Polishing is somewhat of a black art. Prying secrets out of journeymen can be an exercise in futility. We are not sworn to any secrecy, such as a magician, nonetheless, the best techniques for polishing are actually not readily available on the web. Oh yes, you can read or watch videos with guys using this polish and that wheel, and the results are always amazing. I have discovered something however. Not all aluminum is alike. The aluminum on a V8 valve cover is much softer and easier to polish than say, a GL1000 valve covers. And something from a 1970 Triumph is harder yet. So hard, it seems like you are simply buffing the tarnish rather than the aluminum.
Anyway, here is a secret I have not told you yet. I am frequently asked how to get the black polish residue off of the part easily. When I first started, I used mineral spirits or lighter fluid, followed by a hot water bath and mild dish soap. I still had to rub some of the polish off, and the mineral spirits would leave a rainbow if not completely removed. And acetone worked great, as long as you wore a gas mask and chemical gloves. Not long after I started I found the secret. And I am surprised none of my customers have "sniffed" it out.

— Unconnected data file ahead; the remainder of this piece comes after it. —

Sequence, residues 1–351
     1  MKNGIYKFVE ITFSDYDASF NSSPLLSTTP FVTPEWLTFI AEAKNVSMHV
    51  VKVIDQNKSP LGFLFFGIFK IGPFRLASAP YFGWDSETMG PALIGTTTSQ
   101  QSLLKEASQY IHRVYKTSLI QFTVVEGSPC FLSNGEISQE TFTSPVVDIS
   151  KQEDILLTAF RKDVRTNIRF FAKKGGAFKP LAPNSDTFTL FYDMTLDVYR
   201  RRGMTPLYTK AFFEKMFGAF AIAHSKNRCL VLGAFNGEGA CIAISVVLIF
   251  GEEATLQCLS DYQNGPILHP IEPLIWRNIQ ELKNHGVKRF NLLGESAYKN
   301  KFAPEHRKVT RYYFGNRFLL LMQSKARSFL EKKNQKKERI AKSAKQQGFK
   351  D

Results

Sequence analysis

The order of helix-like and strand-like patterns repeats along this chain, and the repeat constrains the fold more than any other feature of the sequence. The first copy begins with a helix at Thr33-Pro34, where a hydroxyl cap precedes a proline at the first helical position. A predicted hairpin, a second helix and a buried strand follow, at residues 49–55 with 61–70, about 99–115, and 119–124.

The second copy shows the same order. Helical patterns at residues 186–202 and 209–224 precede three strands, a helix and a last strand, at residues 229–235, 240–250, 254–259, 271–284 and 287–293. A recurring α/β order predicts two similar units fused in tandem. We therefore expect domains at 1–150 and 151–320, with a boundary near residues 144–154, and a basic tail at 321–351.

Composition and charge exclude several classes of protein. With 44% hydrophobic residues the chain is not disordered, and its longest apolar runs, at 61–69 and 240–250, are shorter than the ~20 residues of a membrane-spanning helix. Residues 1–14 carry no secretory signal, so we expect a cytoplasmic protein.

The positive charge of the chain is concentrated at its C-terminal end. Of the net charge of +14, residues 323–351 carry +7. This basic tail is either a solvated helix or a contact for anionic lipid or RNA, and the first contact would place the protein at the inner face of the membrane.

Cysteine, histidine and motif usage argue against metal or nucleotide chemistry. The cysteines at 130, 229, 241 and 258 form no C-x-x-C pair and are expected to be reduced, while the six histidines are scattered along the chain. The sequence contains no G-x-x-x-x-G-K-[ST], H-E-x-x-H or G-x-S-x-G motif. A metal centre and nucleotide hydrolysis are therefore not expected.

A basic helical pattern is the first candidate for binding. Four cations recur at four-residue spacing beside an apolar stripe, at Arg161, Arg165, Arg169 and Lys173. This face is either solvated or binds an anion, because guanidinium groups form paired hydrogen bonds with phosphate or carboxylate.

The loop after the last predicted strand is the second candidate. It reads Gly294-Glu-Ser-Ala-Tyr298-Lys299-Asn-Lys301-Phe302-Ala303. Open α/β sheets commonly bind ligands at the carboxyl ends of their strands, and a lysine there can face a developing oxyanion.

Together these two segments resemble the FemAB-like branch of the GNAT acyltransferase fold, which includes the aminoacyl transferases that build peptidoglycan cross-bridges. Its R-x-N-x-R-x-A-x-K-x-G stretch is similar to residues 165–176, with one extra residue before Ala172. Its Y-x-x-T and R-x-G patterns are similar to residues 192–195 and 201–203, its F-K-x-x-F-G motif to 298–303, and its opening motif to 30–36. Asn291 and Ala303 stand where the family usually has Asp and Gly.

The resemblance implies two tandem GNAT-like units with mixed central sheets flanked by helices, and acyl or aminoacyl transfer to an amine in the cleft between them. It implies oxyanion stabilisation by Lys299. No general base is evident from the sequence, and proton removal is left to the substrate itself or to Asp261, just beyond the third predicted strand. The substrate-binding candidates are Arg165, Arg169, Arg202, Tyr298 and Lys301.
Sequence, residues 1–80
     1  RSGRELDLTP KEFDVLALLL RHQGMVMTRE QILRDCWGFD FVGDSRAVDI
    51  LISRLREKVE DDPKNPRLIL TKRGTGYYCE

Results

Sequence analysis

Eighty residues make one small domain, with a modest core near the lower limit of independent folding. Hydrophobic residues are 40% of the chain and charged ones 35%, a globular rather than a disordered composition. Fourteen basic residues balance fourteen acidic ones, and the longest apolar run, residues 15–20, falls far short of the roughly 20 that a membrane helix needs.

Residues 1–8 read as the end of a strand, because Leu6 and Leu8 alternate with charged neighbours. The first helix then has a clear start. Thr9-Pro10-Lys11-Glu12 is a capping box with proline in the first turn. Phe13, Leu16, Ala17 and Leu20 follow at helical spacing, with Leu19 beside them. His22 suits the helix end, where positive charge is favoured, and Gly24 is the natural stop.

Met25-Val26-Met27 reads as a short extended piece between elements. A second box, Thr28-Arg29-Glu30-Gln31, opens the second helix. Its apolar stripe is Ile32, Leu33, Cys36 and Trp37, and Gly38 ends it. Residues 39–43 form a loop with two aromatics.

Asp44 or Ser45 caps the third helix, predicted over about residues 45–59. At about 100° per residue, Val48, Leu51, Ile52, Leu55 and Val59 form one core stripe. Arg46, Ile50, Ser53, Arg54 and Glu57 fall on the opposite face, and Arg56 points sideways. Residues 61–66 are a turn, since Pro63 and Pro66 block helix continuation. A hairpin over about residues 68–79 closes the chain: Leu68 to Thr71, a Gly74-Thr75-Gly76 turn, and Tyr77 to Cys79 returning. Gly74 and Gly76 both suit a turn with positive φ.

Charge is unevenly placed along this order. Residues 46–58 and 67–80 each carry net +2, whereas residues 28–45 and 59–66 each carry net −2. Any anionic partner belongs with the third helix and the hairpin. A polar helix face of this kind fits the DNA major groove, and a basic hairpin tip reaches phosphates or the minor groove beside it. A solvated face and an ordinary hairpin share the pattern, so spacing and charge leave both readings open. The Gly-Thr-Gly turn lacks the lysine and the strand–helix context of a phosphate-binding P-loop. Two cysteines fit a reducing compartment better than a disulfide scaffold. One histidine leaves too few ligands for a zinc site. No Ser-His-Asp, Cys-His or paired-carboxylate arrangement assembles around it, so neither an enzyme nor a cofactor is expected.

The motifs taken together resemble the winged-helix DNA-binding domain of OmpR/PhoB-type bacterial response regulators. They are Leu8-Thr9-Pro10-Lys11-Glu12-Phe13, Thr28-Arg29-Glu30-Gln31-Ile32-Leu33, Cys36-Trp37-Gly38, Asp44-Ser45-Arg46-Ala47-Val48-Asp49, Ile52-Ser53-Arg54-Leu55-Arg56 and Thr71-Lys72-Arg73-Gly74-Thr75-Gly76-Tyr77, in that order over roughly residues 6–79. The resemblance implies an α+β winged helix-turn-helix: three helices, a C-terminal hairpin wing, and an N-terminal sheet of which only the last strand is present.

So here it is. Peanut Butter. Not kidding. Yup, smear some creamy peanut butter on the black residue, wait a minute and then wipe it off with a clean towel. The towel quickly turns black. Wash the entire assembly with mild soapy hot water and rinse. Done.
And a warning for folks doing this at home: Do not attempt this if you are stoned and haven't eaten that day. A peanut butter timing belt cover ain't so good for your teeth. Just sayin'.
I found the end of the internet
---- Bradshaw Bikes custom polishing for your wing. Visit us on facebook!
1978 Learning Experience
1980 County Road Hauler "Brain Damage"
1978 Cafe Custom Gl1000 "Vyper"
1977 Bulldog Inspired "Vaincre"
1981 Street Fighter GL1100 "No Quarter"
1983 Supercharged Street Drag "Anubis" (in worx)
1983 gl1100 mint restoration "Kristen"